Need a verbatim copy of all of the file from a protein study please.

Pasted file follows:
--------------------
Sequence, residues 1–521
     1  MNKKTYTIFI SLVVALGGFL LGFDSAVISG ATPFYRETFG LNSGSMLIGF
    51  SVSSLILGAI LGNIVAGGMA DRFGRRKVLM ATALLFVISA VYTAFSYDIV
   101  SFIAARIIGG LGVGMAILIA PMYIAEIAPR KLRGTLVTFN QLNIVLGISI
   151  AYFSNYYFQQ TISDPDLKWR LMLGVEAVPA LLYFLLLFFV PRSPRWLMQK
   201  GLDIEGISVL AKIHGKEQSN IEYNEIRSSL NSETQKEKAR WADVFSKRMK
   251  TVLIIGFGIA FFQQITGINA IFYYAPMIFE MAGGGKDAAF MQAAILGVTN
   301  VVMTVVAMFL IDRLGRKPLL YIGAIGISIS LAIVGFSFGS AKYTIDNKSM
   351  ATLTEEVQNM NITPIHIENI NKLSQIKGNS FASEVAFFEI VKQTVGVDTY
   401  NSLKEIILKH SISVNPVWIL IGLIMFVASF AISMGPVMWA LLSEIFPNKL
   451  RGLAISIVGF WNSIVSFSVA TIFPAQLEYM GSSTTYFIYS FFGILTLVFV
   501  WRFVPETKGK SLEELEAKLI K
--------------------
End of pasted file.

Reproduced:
Sequence, residues 1–521
     1  MNKKTYTIFI SLVVALGGFL LGFDSAVISG ATPFYRETFG LNSGSMLIGF
    51  SVSSLILGAI LGNIVAGGMA DRFGRRKVLM ATALLFVISA VYTAFSYDIV
   101  SFIAARIIGG LGVGMAILIA PMYIAEIAPR KLRGTLVTFN QLNIVLGISI
   151  AYFSNYYFQQ TISDPDLKWR LMLGVEAVPA LLYFLLLFFV PRSPRWLMQK
   201  GLDIEGISVL AKIHGKEQSN IEYNEIRSSL NSETQKEKAR WADVFSKRMK
   251  TVLIIGFGIA FFQQITGINA IFYYAPMIFE MAGGGKDAAF MQAAILGVTN
   301  VVMTVVAMFL IDRLGRKPLL YIGAIGISIS LAIVGFSFGS AKYTIDNKSM
   351  ATLTEEVQNM NITPIHIENI NKLSQIKGNS FASEVAFFEI VKQTVGVDTY
   401  NSLKEIILKH SISVNPVWIL IGLIMFVASF AISMGPVMWA LLSEIFPNKL
   451  RGLAISIVGF WNSIVSFSVA TIFPAQLEYM GSSTTYFIYS FFGILTLVFV
   501  WRFVPETKGK SLEELEAKLI K